S3 E023 Evan Leybourn on Business Agility and Management Competencies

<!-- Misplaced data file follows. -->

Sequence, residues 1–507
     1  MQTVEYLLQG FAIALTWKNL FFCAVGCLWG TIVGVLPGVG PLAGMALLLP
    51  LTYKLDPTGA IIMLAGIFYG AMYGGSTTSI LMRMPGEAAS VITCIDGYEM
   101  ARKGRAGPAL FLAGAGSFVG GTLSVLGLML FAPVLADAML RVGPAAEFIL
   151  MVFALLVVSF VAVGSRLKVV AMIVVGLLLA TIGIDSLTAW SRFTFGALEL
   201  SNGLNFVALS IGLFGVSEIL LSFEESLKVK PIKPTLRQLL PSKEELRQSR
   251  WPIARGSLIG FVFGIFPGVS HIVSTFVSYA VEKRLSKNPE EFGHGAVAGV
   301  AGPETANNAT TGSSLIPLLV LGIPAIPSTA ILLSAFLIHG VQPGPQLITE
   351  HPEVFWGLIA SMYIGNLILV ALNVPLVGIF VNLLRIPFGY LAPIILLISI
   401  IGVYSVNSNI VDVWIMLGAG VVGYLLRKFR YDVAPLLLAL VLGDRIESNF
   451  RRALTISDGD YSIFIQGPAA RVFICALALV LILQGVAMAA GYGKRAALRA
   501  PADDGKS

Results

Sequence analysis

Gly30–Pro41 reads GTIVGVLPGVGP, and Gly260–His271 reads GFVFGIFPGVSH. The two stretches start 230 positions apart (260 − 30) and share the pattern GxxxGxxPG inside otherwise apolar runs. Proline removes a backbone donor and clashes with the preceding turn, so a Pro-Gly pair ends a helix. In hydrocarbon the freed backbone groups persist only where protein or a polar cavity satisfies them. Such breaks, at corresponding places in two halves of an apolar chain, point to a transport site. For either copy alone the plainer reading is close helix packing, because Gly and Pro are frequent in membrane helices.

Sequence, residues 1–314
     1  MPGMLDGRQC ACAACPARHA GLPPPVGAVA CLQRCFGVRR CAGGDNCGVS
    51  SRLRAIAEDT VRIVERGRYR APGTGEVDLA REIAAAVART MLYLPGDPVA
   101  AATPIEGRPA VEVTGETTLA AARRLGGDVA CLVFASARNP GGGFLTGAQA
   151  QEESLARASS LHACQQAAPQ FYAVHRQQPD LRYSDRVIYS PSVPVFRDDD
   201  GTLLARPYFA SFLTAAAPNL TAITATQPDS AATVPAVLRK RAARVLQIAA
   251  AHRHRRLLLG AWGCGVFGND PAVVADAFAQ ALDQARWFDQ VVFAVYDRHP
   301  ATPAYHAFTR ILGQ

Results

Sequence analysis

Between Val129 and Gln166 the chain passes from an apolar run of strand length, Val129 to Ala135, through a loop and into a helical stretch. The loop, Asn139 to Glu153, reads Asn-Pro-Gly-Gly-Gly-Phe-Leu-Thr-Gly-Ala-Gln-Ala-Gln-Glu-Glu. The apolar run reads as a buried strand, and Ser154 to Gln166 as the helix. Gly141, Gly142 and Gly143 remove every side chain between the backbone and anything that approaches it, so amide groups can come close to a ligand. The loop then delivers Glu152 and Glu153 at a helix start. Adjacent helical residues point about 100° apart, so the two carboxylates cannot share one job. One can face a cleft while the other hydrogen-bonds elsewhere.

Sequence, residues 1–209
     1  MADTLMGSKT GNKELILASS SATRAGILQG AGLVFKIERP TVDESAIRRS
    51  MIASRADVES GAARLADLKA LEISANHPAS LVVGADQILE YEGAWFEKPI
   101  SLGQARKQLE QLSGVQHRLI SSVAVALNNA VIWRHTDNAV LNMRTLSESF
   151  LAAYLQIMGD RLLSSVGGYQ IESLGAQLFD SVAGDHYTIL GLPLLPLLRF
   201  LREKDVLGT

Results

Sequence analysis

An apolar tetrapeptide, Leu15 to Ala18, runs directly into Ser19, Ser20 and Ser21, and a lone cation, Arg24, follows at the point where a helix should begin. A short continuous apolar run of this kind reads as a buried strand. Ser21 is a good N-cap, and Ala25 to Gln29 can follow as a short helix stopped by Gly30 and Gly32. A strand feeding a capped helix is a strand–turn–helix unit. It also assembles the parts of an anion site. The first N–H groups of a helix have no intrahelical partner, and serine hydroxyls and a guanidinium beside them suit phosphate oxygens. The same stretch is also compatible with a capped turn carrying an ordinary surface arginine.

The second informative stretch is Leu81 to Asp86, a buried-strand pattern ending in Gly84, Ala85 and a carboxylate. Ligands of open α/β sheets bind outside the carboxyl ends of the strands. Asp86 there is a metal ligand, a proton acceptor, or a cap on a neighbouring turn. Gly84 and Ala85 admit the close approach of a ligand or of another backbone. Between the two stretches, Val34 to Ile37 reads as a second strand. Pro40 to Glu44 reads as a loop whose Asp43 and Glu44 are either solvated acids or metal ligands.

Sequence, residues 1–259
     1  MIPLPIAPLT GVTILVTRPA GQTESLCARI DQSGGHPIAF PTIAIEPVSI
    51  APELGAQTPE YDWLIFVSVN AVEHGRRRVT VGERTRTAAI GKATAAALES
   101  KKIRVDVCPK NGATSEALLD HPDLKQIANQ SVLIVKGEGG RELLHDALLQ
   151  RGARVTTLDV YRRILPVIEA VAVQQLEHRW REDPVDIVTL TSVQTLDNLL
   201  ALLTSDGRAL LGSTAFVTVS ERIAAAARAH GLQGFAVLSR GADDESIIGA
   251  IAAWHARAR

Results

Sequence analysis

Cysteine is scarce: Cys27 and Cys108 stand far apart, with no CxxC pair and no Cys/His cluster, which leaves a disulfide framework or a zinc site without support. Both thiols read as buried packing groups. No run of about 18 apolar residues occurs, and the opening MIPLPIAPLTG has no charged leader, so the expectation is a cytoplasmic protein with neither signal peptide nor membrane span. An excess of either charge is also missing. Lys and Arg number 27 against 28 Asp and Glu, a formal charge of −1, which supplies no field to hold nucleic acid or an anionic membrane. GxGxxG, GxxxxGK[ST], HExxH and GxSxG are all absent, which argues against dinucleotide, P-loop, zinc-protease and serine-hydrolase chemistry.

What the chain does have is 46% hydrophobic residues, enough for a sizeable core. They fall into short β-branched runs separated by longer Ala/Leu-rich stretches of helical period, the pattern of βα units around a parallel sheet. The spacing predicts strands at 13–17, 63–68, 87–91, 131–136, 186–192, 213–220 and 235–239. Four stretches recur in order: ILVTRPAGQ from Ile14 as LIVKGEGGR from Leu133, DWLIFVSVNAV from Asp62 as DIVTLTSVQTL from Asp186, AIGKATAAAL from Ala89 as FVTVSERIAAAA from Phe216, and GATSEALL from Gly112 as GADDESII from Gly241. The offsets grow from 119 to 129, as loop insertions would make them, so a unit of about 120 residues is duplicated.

Bio  Evan is the Founder and CEO of the Business Agility Institute; an international membership body to both champion and support the next-generation of organisations. Companies that are agile, innovative and dynamic – perfectly designed to thrive in today’s unpredictable markets. His experience while holding senior leadership and board positions in both private industry and government has driven his work in business agility and he regularly speaks on these topics at local and international industry conferences.    Interview Highlights  01:10 Nomadic childhood  08:15 Management isn’t innate  14:54 Confidence, competency and empathy  21:30 The Business Agility Institute  31:20 #noprojects  Social Media/ Websites:           LinkedIn:          Facebook:          Twitter: @eleybourn          Websites: o   Business Agility Institute  o   The Agile Director (Evan’s personal site):          Books/ Articles                   #noprojects: A Culture of Continuous Value by Evan Leybourn and Shane Hastie          Directing the Agile Organisation: A Lean Approach to Business Management by Evan Leybourn          Out of the Crisis by W. Edwards Deming          The Goal by Eliyahu Goldratt          Sooner, Safer, Happier by Jonathan Smart, Jane Steel et al          Dare to Lead by Brene Brown          Article: Evan’s Theory of Agile Constraints Episode Transcript  Ula Ojiaku (Guest Intro): Hello and welcome to the Agile Innovation Leaders podcast. I’m Ula Ojiaku. On this podcast I speak with world-class leaders and doers about themselves and a variety of topics spanning Agile, Lean Innovation, Business, Leadership and much more – with actionable takeaways for you the listener.  Ula Ojiaku  I am honoured to have with me Evan Leybourn, he is the founder and CEO of the Business Agility Institute, an international membership body that champions and supports the next generation of organisations. I am really, really pleased to have you here. Thank you for making the time Evan.  Evan Leybourn  Thank you Ula, I'm looking forward to this.  Ula Ojiaku  Awesome, now, so I always start with my guests and I'm very curious to know who is Evan and how did you evolve to the Evan we know right now today?  Evan Leybourn  I suppose that's a long one, isn't it? So I'm Australian, I was born in a small country town in the middle of nowhere, called Armadale, it's about midway between Sydney and Brisbane, about 800 kilometers from both, about 200 kilometers inland, and moved to Sydney when I was fairly young. Now I've spent my entire childhood moving house to house, city to city. So  the idea of stability, I suppose, is not something that I ever really had as a child. I'm not saying this is a bad thing. I don't, I had as good as childhood as any, but it's, I love moving, I love new experiences and that's definitely one of the, I think drivers for me in, when I talk about agility, this idea that the world changes around you. I think that a lot of that early childhood just, disruption, has actually put me in a pretty good place to understand and deal with the disruption of the world and then so, well, we've got COVID and everything else right now. So obviously there is a big, there are issues right now, and disruption is the name of the game. I started my career as a techie. I was a systems administrator in Solara Systems, then a programmer, and then a business intelligence data warehousing person. So I've done a lot of that sort of tech space. And, but you mentioned like the Business Agility Institute and this is the organisation I work now, but probably have to go back to 2008 when, I've been using agile, capital A agile, Scrum and XP, primarily a little bit of FDD in a data warehousing business intelligence space. And in 2008, I got promoted to be an executive in the Australian Public Service. And this was, I think, my first exposure to like, before that I'd run teams, I'd run projects, I knew how to do stuff. And like being a first level leader or project manager, it's, everything is personal. I don't need process, I don't need all those things that make organisations work or not work as the case may be, because when you've got seven people reporting to you, like that's a personal form of management.  So when I became a director, this was, I think, my first exposure into just how different the world was when, well the world of business was. And, I'll be blunt, I wasn't a good director. I got the job because I knew what to do. I knew how to, like, I could communicate in the interview how to like, build this whole of governments program, and that isn't enough. I had this assumption that because I was good at X, I would be good at being a leader of X and that's not the case. And so I actually, there's a concept called the Peter principle, being promoted to your level of incompetence. And that was me. I, it's, that's literally, I didn't know what I was doing, and of course, no one likes to admit to themselves that they're a fraud. It took my boss at the time to tell me that I was arrogant, because, and, and that actually hurt because, it's like, I don't see myself as arrogant, it's not part of my mental model of myself. And so, that push, that sort of sharp jab at my ego, at my sense of self was enough to go, hang on, well, actually, maybe I need to look at what it means to be a leader, what it means to create that kind of skillset, and I had this idea at the time that this thing that I'd been doing back as a techie called agile, maybe that might help me with, help me solve the problems I was facing as an executive – coordination, collaboration, not amongst seven people, but amongst like five, six different government agencies where we're trying to build this whole of government program and long story short, it worked. And this was sort of my first ‘aha moment’ around what we sort of now would call, or what I would now call business agility, though definitely what I was doing back in 2008 was very, a far cry from what I would think of as good business agility. It was more like agile business, but that's what sort of set me up for the last, almost 15 years of my career and helping and advocating for creating organisations that are customer centric with employee engagement, engaged people, that idea of, we can be better if we have, take these values and these principles that we hold so dear in a technology space and we make that possible, we make that tangible in a business context. So it's a bit rambly, but that's kind of the journey that got me to where I am.  Ula Ojiaku  Not to me at all. I find it fascinating, you know, hearing people's stories and journeys. Now, there's something you said about, you know, you, weren't a good director, you knew how to do the work, but you just didn't know, or you weren't so good at the leadership aspects and then you had a wake up moment when your boss told you, you were coming off as arrogant. Looking back now and knowing what you now know, in hindsight, what do you think where the behaviours you were displaying that whilst it wasn't showing up to you then, but you now know could be misconstrued as arrogance?   Evan Leybourn  So let me take one step. I will answer your question, but I want to take it one step before that, because I've come to learn that this is a systemic problem. So the first thing, I shouldn't have been given that job, right. Now, do I do a good job? Eventually, yes, and I grew into it, and I'm not saying you need to be an expert in the job before you get it. Learning on the job is a big part of it, but we as a society, see that management is innate. It's something that you have, or you don't, and that's completely wrong. You don't look at a nurse or a doctor or an engineer and think, I can do their job. No, you think if I go to university and train, I can do that job. I don't think we look at a janitor and go, I can do their job without training. And a janitor is going to receive on the job, like it might be a couple of days, but they're going to receive on the job training. There was a study by, I think it was CareerBuilder, 58% of managers receive no training. We just have this assumption that I'm looking at my boss, I can do their job better than them. And maybe you can, but better isn't the same as good. Like, if they've reached their levels in competence, yes, you could probably be better, but not good. And so I think the skills of management are, it's an entirely different skillset to what, the thing that you are managing. And so I was good at, I was Director of Business Intelligence, so I was good at business intelligence, data warehousing systems. I didn't have the skills of management, no, running a thirty-five million dollar P&L, coordinating multiple business units, building out those systems and actually designing the systems that enabled effective outcomes. And so I think, I'm going to touch on two things. The first is, people and I, definitely, should have invested in learning how the skills of management before I became a manager. Not so that you're perfect, not so that you're an expert manager before you start, because you will learn more on the job than you ever will, from anything before you, before you do that job. But I didn't, it's the, I didn't know what I didn't know. I didn't know I was a bad manager. I was completely blind to that fact. I knew that outcomes weren’t happening and that I was struggling, but half the time, it's a, why won't people listen to me? Why wouldn't they do what I say? Right, which, okay, yes, definitely not servant leadership material, but I didn't even know servant leadership was a thing. Right, so that's the point. At a minimum, I should have known what it took to be a manager, the skills that were going to be required of me. I should have made some investments in building that before I took that job, which is now the second point as to, they shouldn't have given me the job. And, again, this goes to that systemic problem.  I forget who like, there was like a Facebook, like, or a Reddit, like screenshot tweet, meme thing. And I saw it like six or seven years ago, and it stuck with me ever since. It was ‘God save us from confident middle-aged white men’. And I wasn't middle-aged, I was the youngest director in the public service at the time, but I definitely was confident. And for those of you not watching the video, I am white. So, the privilege and the assumption, I carried confidence into the interview, of course I can do the job, I run this team, I know how to do, like I know business intelligence and I know how to design business development systems, and it's like, sure it's a different scale, but it's the same thing. And because I came across as confident, because I thought I could do the job. I thought it was just what I was doing before, plus one, right. But it wasn't, because sure, I could do the plus one part, but that was 30% of the role. I was completely missing everything else. And so that's that other systemic problem, which I have learnt, sadly, over the last decade and a half, in terms of just, we overvalue confidence, then empathy, we overvalue confidence over skill. And I had one, I was empathetic. I didn't have, and, but I was weak at the skills, the management skills, I should have had all three, competence, confidence and empathy, but we value in interviews, as hiring managers, we interview confidence a lot more than the other two. And that is, I think the, one of the real systemic problems we have in the world, especially in tech, but just generally in the world.  Ula Ojiaku  Awesome. I mean, I was going to ask you, you know, what were those skills, but you've kind of summarised in terms of competence, confidence and empathy. So, well, I'm glad to hear the story had a happier ending, because you definitely changed course. So now knowing, again, what you now know, and you're speaking to Evan of 2008, what are the things, before going for that job, would you have told him to skill up in to be prepared for management?   Evan Leybourn  So, let me get very specific. So confidence, competence, empathy for me, those are the, so  this is something that I came up with, or I don't know where this idea emerged from, it's something that I've carried with me for the better part of a decade. For me, those three attributes are my measures of success. If I can have all three, that's what can make me successful. Now in terms of, going deeper than some of the specific skills that we need, that I needed, so the first one, emotional intelligence. Now, I know that's broad and fuzzy, but there were many times, and many times since I'm not saying I'm perfect and I'm not perfect now. This last week, there have been challenges where it's like I've misobserved, and I wish I had seen that, but being able to understand when you’re not hearing somebody, when they're talking to you and you're listening, but not hearing, and so the emotional intelligence to sort of read and understand that there's a gap, there's something missing between what is being said and what is being processed up there in the little grey cells. The other one that, a couple, I'll call it emergent strategy. So, this idea of the three-year plan is completely ridiculous, it's been wrong for 30 years, but we don't develop enough of the counter skill, which is being able to take an uncertain environment, where there's insufficient information and ambiguity, make a decision, but design that decision with feedback loops so that, you know the decision is probably, right, that strategic decision is probably wrong, so rather than sort of run with it for three months and then make another decision, it's designed with these feedback loops, so it's, the next decision is better because you, it's the whole strategic system is designed to create those loops. And that was a key skill that I was missing, in that, this is the government, like I was a Prince 2 Project Manager, an MSP programme manager. I knew how to build the Gantt charts, and I was also an agilest, like I've been doing Scrum for the past five years, but like Scrum at a team level and agility at a business level was not something that many people had even thought about. And so, all of the programme level strategy was not agile. Again, this is 2008, and so we had this,  if I had known how to build an emergent, adaptive strategy, a lot of the challenges, the systems level challenges would have been resolved. And I could go a long time, but I'll give you one more.   So, I'm going to say communication, but not in the way that I think many people think about it. It's not about like conveying ideas or conveying messages, but it is that empathetic communication. It goes with that emotional intelligence and so forth, but it's the ability to communicate a vision, the ability to communicate an idea, and intent, not just the ability to communicate a fact or a requirement, like those are important too, but I could do those, but I had a large teams of teams across, not all of them reported to me, this was a whole government program. So there were people who reported to the program, but their bosses were in a completely different company, government department to me. And so I needed to learn how to align all of these people towards a common vision, a common goal beyond just a here's your requirements, here's the Gantt chart for the program. Please execute on this 1, 2, 3, 4, 5, right, which, sure, they did, but it's, they would, what's the saying? I think it was Deming, give someone a measurable target and they will destroy the company in order to make it. And you give them these, it's like, they will do like what that Gantt chart says, even if the world changes around them and it's the wrong thing to do, and we know, we've learned a lot better as a world, the idea of program level agility is pretty standard now, but 2008, it definitely, wasn't definitely not in government, definitely not in Australia. So, if I had been able to communicate intent and vision and get them aligned to that vision, and not just aligned to a Gantt chart, we would have been a lot more successful, we'd have a lot more buy-in, a lot more engagement. So, there's more, a lot more, but those would be, I think, some of the three that I would say really, really learn before you get the job.   Ula Ojiaku  Well, thanks for that. I'd like to just dive in a bit more, because you said something about the designing, you would have benefited if you knew how to design, build and adapt, that adaptive emerging strategy. How do you do that now? What's the process for doing this?   Evan Leybourn  So let me jump to the present. So, I run the Business Agility Institute. We're a fiercely independent advocacy and research organisation. We've been around for about four years, we don't do consulting, we're funded by our members primarily. Now, one of the very first publications that we put together was something called The Domains of Business Agility. It’s not a framework, it doesn't tell you how to do it, it’s not like Scrum or SAFe or Beyond Budgeting. Actually, Beyond Budgeting is not quite, if Bjarte heard me call Beyond Budgeting a framework, I'd be in trouble. It's, I think of it, I call it the ‘don't forget’ model, because if you're going to change an organisation, these are the domains that you can't forget. The customers at the centre. Around that I would call the relationships, the workforce, your external partners, your vendors and contractors and suppliers, and your Board of Directors, because they represent ownership of the business. Around that are the nine, what I think of as ‘what's domains’, right? These are the things that you need to focus on, right, there's leadership domains, individual domains, and so forth. One of them is strategic agility, otherwise known as adaptive strategy or emergent strategy. Now, one of the reasons that is one of the core domains of business agility and has been since 2018, I think, when we first published this, is because this is one of the fundamental capabilities for an organisation to not survive, but to thrive in uncertainty. Now, there are different approaches and, like, there's a whole bunch of different frameworks and approaches to BS, like four quadrant matrixes and tools and canvases. I'm not going to go to any of that, because A, all the tools are fine, right. So, find the one that works for you, Google will be your friend there, but what I want to do is, however, just look at what the characteristics of all those tools, what do they have in common? And I mean, I do that by really telling a little bit of a story. We, one of the things that we run is the Business Agility Conference in New York. It did run every March in New York city until 2020, well actually it ran in 2020. I know the exact date COVID was declared a pandemic because I was literally onstage, because I had to tell our delegates that this was now officially a pandemic, and if you needed to leave early to get flights and so forth, because we had delegates from Denmark and Switzerland, then please feel free to leave and all that kind of thing. Now, this isn't about the conference, but it's about what was happening before the conference. So you had this emergent problem, COVID-19, starting in China, hitting Italy, and I think it was like February 28 or March 1st, thereabouts, the first case hit in America, and it was California, I think it was Orange County, it was the first case. And what happened was we started to see companies change. Now, I describe it, well, sorry, these aren’t my words, I'm stealing this from a comic I saw on Facebook at the time, we saw companies responding and companies reacting. Now, this is the difference between strategic agility and non strategic agility. So what was happening, so the first company pulled out from the conference, travel ban, our people can't attend. Within a week we'd lost about 50% of our delegates, right. Now, remember all we know at this point, this isn't the COVID of today, right? All we knew was there was a disease, it was more contagious than the flu, it was deadlier than the flu and it had hit America, right. We didn't know much more than that. We certainly didn't imagine it would be two years later and we're still dealing with it. I remember thinking at the time it's like, all right, we’ll have a plan for like September, we'll do something in September, we’ll be fine by then, and a famous last words. But companies had to make a decision. Every company didn't have a choice, you were forced to make a decision. Now, the decisions were, like, do I go to a conference or not? Right. Do I ban travel for my employees? Do we work from home? But that decision came later, but there was a first decision to make and, you know what, there's no, there was no difference between companies, those companies that responded and reacted made the first decision the same, right. It's what came next, right. Those companies that were reacting, because every day there was something new that came up, a new piece of information, more infections, a new city, new guidance from the World Health Organisation or the CDC, and companies had to make decisions every single day. And those that were reacting, took the information of the day and made the decision. Those that were responding, took the decision they made yesterday, the new information, looked at the pathway that was emerging, that's that emergent strategy out of it and made the next decision. And so those strategic decisions that they were making as an organisation were built on the ones that came before, rather than discreet decision after decision after decision after decision. And so what ended up happening is you had those companies who were able to build a coherent strategy on insufficient information that grew and adapted and emerged as new information emerged, were better able to respond to the pandemic than those that were chaotically making decisions. And you could see that in something as simple as how quickly they could start working from home, or how quickly they made the decision to work from home, because those that responded, they had this thread of strategy, and so they were able to make the decision to work from home much faster, and then they were able to execute on that much faster. Whereas those that were not, did not. And I think of this as going to the agile gym, or business agility gym, no company was prepared for the pandemic. No company had a strategy paper of, if there's a worldwide pandemic, these are the things that we’re going to do. But those companies that have practiced emergent strategy, right, in their product, in how they engage with the marketplace, they'd sort of, they’d taken concepts like lean startup and adopted some of those practices into their organisation. Those who had been to the agile gym, they knew how to respond. They weren't prepared for the scale of pandemic, no one had done emergent strategy at that scale, but they knew, they had the muscle memory, they knew how to do it, and so they just scaled up and operated in that new context. And it's like literally going to the gym, it's, if I build up my muscles, I mean, I definitely don't go to the gym enough, but if I did, right, I could lift more weights. So if a friend goes, hey mate, can you help me move a fridge, right, I'm able to do that because I have the capabilities in my body to do that. If I don't go to the gym, which I don't, not enough, right, and my mate goes, hey, can you help me move a fridge? It’s like, I can help, but I'm not going to be that much help. It's, I'll stop it from tilting, right. I'm not going to be the lifter, right. So, the capabilities of that business agility enabled that emergent strategy or the responsiveness during a pandemic, even though no one was prepared for it. And that's kind of really what I see as organisations as they adjust to this new world.  Ula Ojiaku  Now you have this book, actually you’ve authored a couple of books at the very least, you know, there’s #noprojects – A Culture of Continuous Value and Directing the Agile Organisation: A Lean Approach to Business Management Which one would you want us to discuss?   Evan Leybourn  So #noprojects is the most recent book, Directing the Agile Organisation is definitely based on my experience, it's drawing upon that experience back in 2008, I started writing it in 2009. It is out of date, the ideas that are in that book are out of date, I wouldn't suggest anyone reads it unless you're more interested in history. There are ideas, so sometimes I'll talk about the difference between business agility and agile business, where business agility is definitely, it's creating this space where things can happen properly through values and culture and practices and processes. But also it's very human, it's very focused on the outcomes, whereas agile business is more, how do we apply Scrum to marketing teams? And so my first book is unfortunately much more agile business than business agility.   Ula Ojiaku  Okay, so let's go to #noprojects then. There is a quote in a review of the book that says, OK, the metrics by which we have historically defined success are no longer applicable.  We need to re-examine how value is delivered in the new economy. What does that mean, what do you mean by that?   Evan Leybourn  So, the reason I wrote the #noprojects book, and this predates the Institute. So, this is back when I was a consultant. I've run a transformation programme for a large multinational organisation and their project management process was overwhelming. Everything was a project, the way they structured their organisation was that the doers were all contractors or vendors, every employee was a Project Manager. And so what ended up happening was they've got this project management process and it would take, I'm not exaggerating nine months, 300 and something signatures to start a project, even if that project was only like six weeks long. There were cases where the project management cost was seven to eight times the cost of the actual execution. Now that's an extreme case, certainly, and not all were that ratio, but that was kind of the culture of the organisation, and they were doing it to try and manage risk and ensure outcomes, and there's a whole bunch of logical fallacies and business fallacies in that, but that's another matter altogether, but what was happening is they were like, I'm going to focus in on one issue. I said there were many, but one issue was they valued output over outcome. They valued getting a specific piece of work, a work package completed to their desired expectations and they valued that more than the value that that work would produce. And I've seen this in my career for decades, where you'd run a project, again, I used to be a Project Manager, I'm going back like Prince2, you've got this benefits realisation phase at the end of the project. The Project Manager’s gone, the project team is gone, the project sponsor is still around, but they're onto whatever's next. Half the time benefits realisation fell to the responsibility of finance to go, okay, did we actually get the value out of that project? And half the time they never did it, in fact more than half the time they never actually did it. It was just a yes, tick. And for those of you who have written business cases, the benefits that you define in the business cases are ridiculous half the time, they pluck it from the air, it's this bloody assumption that, hey, if we do this, it'll be better. I've seen business cases where it's like, we will save $10 million for this organisation by making like page reloads, half a second faster. So every employee will get three minutes back in their day, three minutes times how many employees, times how average salary equals $10 million. It's like how are you going to use that three minutes in some productive way? Is that actually a benefit or are you just trying to upgrade your system, and you're trying to convince finance that they need to let go of the purse strings so that you can do something that you want to do. So if we actually care about the value of things, then we should be structuring the work, not around the outcome, sorry, not around the output, but around the value, we should be incrementally measuring value, we should be measuring the outcome on a regular basis. Agile, we should be delivering frequently, measuring the value, and if we're not achieving the value that we're expecting, well, that's a business decision, right. What do we do with that piece of information? And sometimes it may be continue, because we need to do this, other times it may be, is there a better way to do this? And once you're locked into that traditional project plan, then sure, you might be agile inside the project plan, you might have sprints and Scrum and dev ops and all that kind of stuff, but if you can't change the business rationale as quickly as you can change the technology like the sprint backlog, then what's the point?  Ula Ojiaku  So you mentioned something and I know that some of the listeners or viewers might be wondering what's business outcome versus output? Can you define that?   Evan Leybourn  So, there is a definition in the book, which I wrote like six years ago. So I'm going to paraphrase because I don't remember exactly the words that I wrote, but an output is the thing, the product, the tangible elements of what is created, right. In writing a book, the output is the book. In this podcast, the output is the recording, the podcast that we're doing right now, the outcome and the impact is what we want to achieve from it. So, the output of the podcast is we have a recording, but if no one listens to it, then why? The outcome is that, well, the ultimate outcome is changing hearts and minds. Well, at least that’s why I’m here. We want to create some kind of change or movements in, well in your case with your listeners, in the case of the book, the readers, we want to create a new capability, a new way of looking at the world, a new way of doing things. And so the outcome is, hopefully measurable, but not always. But it is that goal, that intent.   Ula Ojiaku  Exactly. So, I mean, for me, outcomes are like, what they find valuable, it’s either you're solving and helping them solve a problem or putting them in a position, you know, to get to achieve some gains. Now let's just, are there any other books you might want to recommend to the audience, that have impacted you or influenced you?  Evan Leybourn  Yep. So I'm going to recommend three books. Two are very old books. So the first book is Deming, or actually anything by Deming, but Out of the Crisis is probably the best one, the first one, otherwise The New Economics. Deming is coming out of lean and manufacturing and the Japanese miracle, but he might've been writing in the eighties, seventies, but it's as agile as it gets, right. His 14 points for managers reads like something that would emerge from the Agile Manifesto, right. So I definitely love, I will go to Deming quite regularly in terms of just great concepts and the articulation of it.  The other book that I recommend for the idea, I have to admit it's a bit of a hard read, is The Goal by Eliyahu Goldratt. The Theory of Constraints, and if you Google Evan's Theory of Agile Constraints, and I think we're almost out of time, so I don't really have time to talk about it, but it's the Theory of Constraints, both in a practical sense as to how you actually optimise a process, but it also applies when you're looking at it from a holistic metaphorical standpoint, because I like to say, there is a constraint to agility in your organisation. You’re only as agile as your least agile function, and it's not it IT software anymore, it's some other part of your business. You might have a sprint that can create a potentially shippable product increment every two weeks, but if it takes you three months to get a hiring ticket, or nine months get a budget change approved or six weeks to, until the next project control board, you're not, your agility is not measured in weeks. Your agility is still measured in months. Yeah. So Theory of Constraints, the book’s a bit hard to read, it's definitely dated, but the concept is so powerful.   Evan Leybourn  So the last one that I'm going to recommend is, Sooner Safer Happier by Jon Smart. It's a relatively recent book. I, it's the book I've read most recently, which is partly why it's on the top of my mind. It is a very powerful, it really touches to the human sense of agility. It's in the title - Sooner Safer Happier, sooner is a technical value, right. Safer, happier, right? These are more than that, these are human values, these are human benefits. I know I said  three, but I'm just going to add a fourth, one more for the road. It comes to what I was talking about early in terms of my own experiences as a leader. And the book didn't exist at the time, but Dare to Lead by Brené Brown. Growth mindset is a bit of a buzzword these days, and there are definitely more mindsets than just growth and fixed. There are different kinds of mindsets that we hold, but just as a way of getting people to understand that you don't have to have all the answers, that you don't have to be right. So the reason I was arrogant, I was called arrogant by my boss at the time was because I didn't have a growth mindset. I didn't know I was wrong, or I didn't know what I didn't know. And it took some poking to make myself realise that I need to open up and I needed to be willing to learn because I didn't have all the answers. And the assumption that as a manager, as a leader, you're meant to have all the answers is a very toxic, cultural, systemic problem. So I think Brené Brown and the growth mindset work Dare to Lead is such a powerful concept that the more we can get people sort of internalising it, the better.  Ula Ojiaku  So thank you for that. How can the audience engage with you? Where can they find you?   Evan Leybourn  Yep. So, LinkedIn is probably the easiest way. I'm just Evan Leybourn, I think I’m the only Evan Leybourn on the planet, so I should be fairly easy to find. Otherwise, look at We have a very comprehensive library of case studies and references, research that we've published, the models, like the domains that we have a new behavioural model that's coming out fairly soon, and you can always reach me through the Business Agility Institute as well.   Ula Ojiaku  Okay. And for like leaders and organisations that want to engage with the Business Agility Institute, would there be any, are there any options for them, with respect to that?  Evan Leybourn  So individuals can become individual members, it's 50 bucks a year, that's our COVID pricing. We cut it by 50%, at the beginning of COVID, because a lot of people are losing their jobs and we wanted to make it possible, easier for them to maintain as members. That gives you access to like, full access to everything. We publish books as well, so you can actually download full eBooks of the ones that we've published, and also obviously supports us and helps us grow and helps us keep doing more. We are however primarily funded by our corporate members, so it's what we call journey companies, those companies who are on the journey to business agility. So TD bank and DBS bank, for example, are two of our members, Telstra in Australia. So there is value in corporate membership and I'm not going to do a sales pitch if you are, if you want to know more, reach out to me and I'll definitely give you the sales pitch.  Ula Ojiaku  Awesome. Well, thank you so much. These will be in the show notes, and I want to say thank you so much, Evan, for making the time for this conversation. I definitely learned a lot and it was a pleasure having you here.   Evan Leybourn  Thank you. I really appreciate being here.   That’s all we have for now. Thanks for listening. If you liked this show, do subscribe at or your favourite podcast provider. Also share with friends and do leave a review on iTunes. This would help others find this show. I’d also love to hear from you, so please drop me an email at Take care and God bless!